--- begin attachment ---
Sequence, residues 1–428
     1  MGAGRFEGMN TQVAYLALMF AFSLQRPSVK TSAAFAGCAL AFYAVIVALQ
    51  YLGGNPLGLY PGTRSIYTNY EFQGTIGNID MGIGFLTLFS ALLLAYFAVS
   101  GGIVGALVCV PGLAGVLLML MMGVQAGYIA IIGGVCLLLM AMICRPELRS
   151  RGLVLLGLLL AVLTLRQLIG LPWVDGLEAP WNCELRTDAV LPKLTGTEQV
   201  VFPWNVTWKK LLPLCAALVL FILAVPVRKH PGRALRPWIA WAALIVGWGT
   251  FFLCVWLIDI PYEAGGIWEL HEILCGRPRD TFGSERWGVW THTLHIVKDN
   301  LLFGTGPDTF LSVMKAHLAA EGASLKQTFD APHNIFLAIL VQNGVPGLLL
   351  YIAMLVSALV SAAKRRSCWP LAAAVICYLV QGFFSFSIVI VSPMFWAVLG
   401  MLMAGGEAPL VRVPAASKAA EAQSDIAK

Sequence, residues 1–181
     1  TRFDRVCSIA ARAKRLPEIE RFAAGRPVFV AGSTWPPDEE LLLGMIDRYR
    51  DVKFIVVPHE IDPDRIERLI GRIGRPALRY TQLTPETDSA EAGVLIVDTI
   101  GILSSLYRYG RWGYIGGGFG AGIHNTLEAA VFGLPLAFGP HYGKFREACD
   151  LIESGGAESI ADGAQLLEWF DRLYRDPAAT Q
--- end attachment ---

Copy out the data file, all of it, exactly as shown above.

Sequence, residues 1–428
     1  MGAGRFEGMN TQVAYLALMF AFSLQRPSVK TSAAFAGCAL AFYAVIVALQ
    51  YLGGNPLGLY PGTRSIYTNY EFQGTIGNID MGIGFLTLFS ALLLAYFAVS
   101  GGIVGALVCV PGLAGVLLML MMGVQAGYIA IIGGVCLLLM AMICRPELRS
   151  RGLVLLGLLL AVLTLRQLIG LPWVDGLEAP WNCELRTDAV LPKLTGTEQV
   201  VFPWNVTWKK LLPLCAALVL FILAVPVRKH PGRALRPWIA WAALIVGWGT
   251  FFLCVWLIDI PYEAGGIWEL HEILCGRPRD TFGSERWGVW THTLHIVKDN
   301  LLFGTGPDTF LSVMKAHLAA EGASLKQTFD APHNIFLAIL VQNGVPGLLL
   351  YIAMLVSALV SAAKRRSCWP LAAAVICYLV QGFFSFSIVI VSPMFWAVLG
   401  MLMAGGEAPL VRVPAASKAA EAQSDIAK

Sequence, residues 1–181
     1  TRFDRVCSIA ARAKRLPEIE RFAAGRPVFV AGSTWPPDEE LLLGMIDRYR
    51  DVKFIVVPHE IDPDRIERLI GRIGRPALRY TQLTPETDSA EAGVLIVDTI
   101  GILSSLYRYG RWGYIGGGFG AGIHNTLEAA VFGLPLAFGP HYGKFREACD
   151  LIESGGAESI ADGAQLLEWF DRLYRDPAAT Q